Judges rule on state abortion restrictions, shape Roe’s impact

SALT LAKE CITY, AP — A Utah judge on Monday granted a request by Planned Parenthood to delay implementation of the state’s trigger law banning most abortions because the implications of reversing by the United States Supreme Court of Roe v. Wade reverberate across the country.

With the ruling, abortion remains legal for up to 18 weeks in Utah, which is among a group of states where abortion rights have been thrown into limbo amid legal and political challenges that shape the post-Roe landscape, with states now holding the power to restrict abortion. .

“What I’m really doing is saying we have serious things to discuss,” Judge Andrew Stone said after granting an injunction delaying the trigger law.

He said the status quo should remain in effect until a challenge from the state’s Planned Parenthood affiliate can be fully heard.

Meanwhile, a Minnesota judge has declared most of that state’s restrictions on abortion unconstitutional. In Michigan, a campaign generated a record number of signatures Thus, during the November ballot, voters may be asked to enshrine the right to abortion in the state constitution.

At the federal level, the Biden administration’s Department of Health and Human Services said Monday that hospitals “must” provide abortion services if the mother’s life is in danger, saying federal law on Urgent treatment guidelines prevail over state laws in jurisdictions that now prohibit the procedure without any exceptions. Currently, even states with the strictest abortion bans allowing exceptions when a mother’s health is at risk, although the threat of legal action has confused some doctors.

Decision Dobbs v. last month jackson overruled Roe v. Wade of 1973 which concluded that the right to abortion was protected by the American Constitution. The issue has returned to the states, sparking new court battles and ballot initiatives as many states act to reduce or ban abortions.

Utah is among more than a dozen states with trigger laws designed to limit abortion after the reversal of Roe v. Wade. Monday’s decision comes two weeks after the court temporarily suspended the law, which bans most abortions except rape, incest or maternal health. Stone, who was nominated by a Republican governor, blocked his application for 14 days after the state branch of Planned Parenthood filed a lawsuit. Her decision effectively extends the temporary suspension of the law and allows Planned Parenthood clinics to continue offering abortions until the case is resolved.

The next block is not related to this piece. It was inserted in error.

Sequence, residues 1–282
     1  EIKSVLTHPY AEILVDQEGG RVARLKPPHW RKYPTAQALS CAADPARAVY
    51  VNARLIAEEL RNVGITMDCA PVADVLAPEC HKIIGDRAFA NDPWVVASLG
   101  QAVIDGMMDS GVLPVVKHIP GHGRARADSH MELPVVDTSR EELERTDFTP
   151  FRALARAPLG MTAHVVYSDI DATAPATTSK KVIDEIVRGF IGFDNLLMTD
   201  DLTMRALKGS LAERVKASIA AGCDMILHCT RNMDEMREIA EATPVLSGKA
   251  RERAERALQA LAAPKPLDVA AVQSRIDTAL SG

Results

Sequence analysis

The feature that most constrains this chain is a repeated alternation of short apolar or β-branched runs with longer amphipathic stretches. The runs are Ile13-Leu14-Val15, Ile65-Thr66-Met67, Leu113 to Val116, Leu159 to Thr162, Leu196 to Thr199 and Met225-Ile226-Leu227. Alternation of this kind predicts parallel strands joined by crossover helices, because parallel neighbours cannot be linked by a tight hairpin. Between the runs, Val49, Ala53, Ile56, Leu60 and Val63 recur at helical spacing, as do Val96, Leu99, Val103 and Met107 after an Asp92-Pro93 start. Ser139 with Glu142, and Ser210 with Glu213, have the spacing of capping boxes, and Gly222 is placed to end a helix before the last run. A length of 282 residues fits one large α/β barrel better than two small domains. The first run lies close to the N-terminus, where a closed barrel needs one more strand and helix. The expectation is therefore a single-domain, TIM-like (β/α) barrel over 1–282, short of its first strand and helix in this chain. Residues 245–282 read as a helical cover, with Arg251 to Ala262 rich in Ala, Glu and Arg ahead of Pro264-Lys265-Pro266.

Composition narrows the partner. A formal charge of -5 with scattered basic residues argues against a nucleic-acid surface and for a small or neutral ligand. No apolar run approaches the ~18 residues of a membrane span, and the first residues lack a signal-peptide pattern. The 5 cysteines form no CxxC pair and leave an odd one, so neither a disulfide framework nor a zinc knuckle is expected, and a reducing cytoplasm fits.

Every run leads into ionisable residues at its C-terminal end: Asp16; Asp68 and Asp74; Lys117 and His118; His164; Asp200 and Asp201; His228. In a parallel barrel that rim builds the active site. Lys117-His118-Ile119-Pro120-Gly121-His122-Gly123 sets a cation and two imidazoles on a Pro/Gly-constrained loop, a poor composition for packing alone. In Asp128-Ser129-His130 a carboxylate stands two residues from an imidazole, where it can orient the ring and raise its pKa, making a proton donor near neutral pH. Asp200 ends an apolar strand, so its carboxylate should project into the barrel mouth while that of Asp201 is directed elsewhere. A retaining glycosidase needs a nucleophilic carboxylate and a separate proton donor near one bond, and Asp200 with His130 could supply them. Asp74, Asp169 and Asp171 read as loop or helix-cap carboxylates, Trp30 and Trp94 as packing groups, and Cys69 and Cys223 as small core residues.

The Utah lawyers argued that the language of the state constitution authorized banning abortions and said delaying implementation of the trigger law would negate the will of the legislature and voters from Utah. Julie Murray, lawyer for Planned Parenthood, said failure to delay implementation of the law could expose her staff to criminal charges and hurt about 200 patients with scheduled appointments in the coming month.

Stone granted a preliminary injunction, which would allow Planned Parenthood clinics to continue providing abortion care – up to 18 weeks of pregnancy under another recently passed limit – until the court rules on constitutional issues .

Minnesota judge has declared most state restrictions on abortion unconstitutional, including a 24-hour waiting period and the obligation to inform both parents before a minor can have an abortion. Ramsey County District Judge Thomas Gilligan also struck down requirements that only doctors can perform abortions and that abortions after the first trimester must be performed in hospitals. His order took effect immediately, meaning the limits cannot be enforced.

Gender Justice and other abortion rights groups argued the restrictions were unconstitutional under a 1995 Minnesota Supreme Court ruling that the state constitution protects abortion rights. . The judge called the case “significant and historic” and said she was unaffected by the recent US Supreme Court decision.